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  •  REVIEW: WAVE RISING 2009

    Eric Hoisington, with Malcolm Low in background, in SSOOT III in Wave Rising 2009
    Photo by Yi-Chun Wu
    Eric Hoisington, with Malcolm Low in background, in SSOOT III

    More from the Inexorable Wave

    White Wave's Wave Rising Series

    By QUINN BATSON
    Offoffoff.com

    The Wave Rising series at White Wave has much of the smorgasbord feel of the DUMBO dance festival and Cool NY series but often incorporates companies from outside New York city and the United States. This year's series presented six programs over three weekends, and this review picks groups out of three of those programs.

      
    WAVE RISING 2009
     SCHEDULE
    White Wave John Ryan Theater
    October 21-November 8, 2009

    Julian Barnett continues to evolve his piece Echologue, playing with movement patterns to explore possible ways to break out of the isolation we inevitably begin from on our journeys to identity, others and meaning. This excerpt has an increasing urgency that builds in fits and starts until returning to Barnett in front of his backstage mirrors, contemplating himself more calmly, seemingly having worked through some of the angst of living to get to a better place.

    Young Soon Kim does well when she uses movement and choreographic input from her dancers and serves as director and editor; the variety and dynamics of the pieces in SSOOT III show this clearly. She also chooses excellent dancers who can choreograph, here using Emily Pope Blackman, Benjamin Degenhardt, Eric Hoisington, Malcolm Low and Yin Yue. An opening duet by Low and Blackman is pretty, soft and clinging, with big lifts, but may be better shorter. The duet that Yue and Degenhardt dance in the midst of a quartet percolates with soft angry violence and hard reconciliations and is full of sweet anticipation and tension. And the more acrobatic group piece that ends SSOOT III is really dynamic and interesting, with plenty of tantalizing loose ends and non sequiturs, and showcases Hoisington.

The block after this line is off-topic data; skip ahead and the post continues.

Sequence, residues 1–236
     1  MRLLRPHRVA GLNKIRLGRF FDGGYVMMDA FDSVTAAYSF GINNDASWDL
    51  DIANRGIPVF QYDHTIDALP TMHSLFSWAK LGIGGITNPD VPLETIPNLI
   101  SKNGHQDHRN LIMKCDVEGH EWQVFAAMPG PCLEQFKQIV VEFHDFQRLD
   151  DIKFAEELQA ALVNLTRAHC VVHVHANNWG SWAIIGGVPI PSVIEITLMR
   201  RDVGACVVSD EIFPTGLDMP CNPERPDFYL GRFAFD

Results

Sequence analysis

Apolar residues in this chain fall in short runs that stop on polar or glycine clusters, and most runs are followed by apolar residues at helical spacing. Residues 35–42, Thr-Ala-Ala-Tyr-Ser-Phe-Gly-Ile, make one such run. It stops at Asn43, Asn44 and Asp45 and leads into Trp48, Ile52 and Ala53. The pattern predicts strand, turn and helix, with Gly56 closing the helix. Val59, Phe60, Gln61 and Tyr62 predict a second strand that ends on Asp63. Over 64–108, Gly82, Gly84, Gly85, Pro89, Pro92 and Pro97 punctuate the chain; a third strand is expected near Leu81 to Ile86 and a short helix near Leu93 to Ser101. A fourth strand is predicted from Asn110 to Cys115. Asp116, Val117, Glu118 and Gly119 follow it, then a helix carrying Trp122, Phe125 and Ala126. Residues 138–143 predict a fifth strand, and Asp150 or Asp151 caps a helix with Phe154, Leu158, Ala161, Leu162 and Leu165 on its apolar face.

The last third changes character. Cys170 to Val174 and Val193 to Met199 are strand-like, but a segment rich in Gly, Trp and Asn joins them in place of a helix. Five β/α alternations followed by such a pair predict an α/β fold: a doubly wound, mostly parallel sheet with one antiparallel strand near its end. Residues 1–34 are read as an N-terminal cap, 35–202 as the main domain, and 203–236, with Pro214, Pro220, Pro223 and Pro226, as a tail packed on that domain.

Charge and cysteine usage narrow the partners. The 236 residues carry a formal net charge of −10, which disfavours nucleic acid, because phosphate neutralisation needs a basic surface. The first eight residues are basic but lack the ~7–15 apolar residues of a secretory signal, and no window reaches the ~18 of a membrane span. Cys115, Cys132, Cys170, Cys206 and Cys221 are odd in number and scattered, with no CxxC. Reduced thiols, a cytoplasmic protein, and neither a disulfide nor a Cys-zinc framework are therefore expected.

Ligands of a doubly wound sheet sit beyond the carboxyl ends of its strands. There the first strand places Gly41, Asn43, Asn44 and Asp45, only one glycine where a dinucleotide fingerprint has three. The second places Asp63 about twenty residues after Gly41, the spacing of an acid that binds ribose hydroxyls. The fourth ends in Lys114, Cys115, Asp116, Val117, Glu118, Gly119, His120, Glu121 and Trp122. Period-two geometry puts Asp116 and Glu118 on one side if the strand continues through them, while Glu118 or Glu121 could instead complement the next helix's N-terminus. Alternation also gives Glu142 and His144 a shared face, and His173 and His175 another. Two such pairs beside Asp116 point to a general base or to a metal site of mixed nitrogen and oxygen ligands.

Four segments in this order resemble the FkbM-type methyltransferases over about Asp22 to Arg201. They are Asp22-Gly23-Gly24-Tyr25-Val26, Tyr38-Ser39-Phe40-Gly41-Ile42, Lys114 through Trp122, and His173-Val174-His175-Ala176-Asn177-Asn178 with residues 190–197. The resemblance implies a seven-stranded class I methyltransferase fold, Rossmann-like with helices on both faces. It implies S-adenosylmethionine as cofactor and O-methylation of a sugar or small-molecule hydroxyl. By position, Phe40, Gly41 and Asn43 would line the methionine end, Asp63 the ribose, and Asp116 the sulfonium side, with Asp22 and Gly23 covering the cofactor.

Won Kim/Coll. Dance Project in Wave Rising 2009  
    Photo by Yi-Chun Wu  
    Won Kim/Coll. Dance Project
      
    Lauri Stallings takes her group gloATL into explosive ballet places with quirky isolations, here using five gifted women wearing oddly mime-like oversize suits. The smallest and youngest, Nicole Jones, is already holding her own at fourteen years old, and Tony Doctor Jenkins does a great little neck-thrusting creature impersonation to begin the piece before the audience lights go down. Virginia Coleman, Sarah Hillmer and Nicole Johnson complete the cast and work the piece hard and beautiful through music by Part, Beethoven, Bizet, Santiago and La Minor, with elements of flopping, floating, vogue and waltz.

    Ella Ben-Aharon and Edo Ceder, as YelleB, dance a soft and beautiful duet for Part A: The Meating, a lovely piece despite the title and a clinical narration of the structure and function of the human heart that dominates much of the beginning of the piece. The gist is that the two are in love enough to function as one heart.

    JaeHee Choi choreographs The Silence with a liquid feel, alternately languid and speedily splashing to ground, for WonKim/Coll. Dance Project. It is a beautiful, dark, haunting piece.

    Malcolm Low also likes the dark. Luscious Colors of an Unclear Canvas has plenty of rich movement in low light and gives Troy Ogilvie plenty of chances to throw off sparks as she rides aloft or comes to ground.

    NOVEMBER 11, 2009
    OFFOFFOFF.COM • THE GUIDE TO ALTERNATIVE NEW YORK



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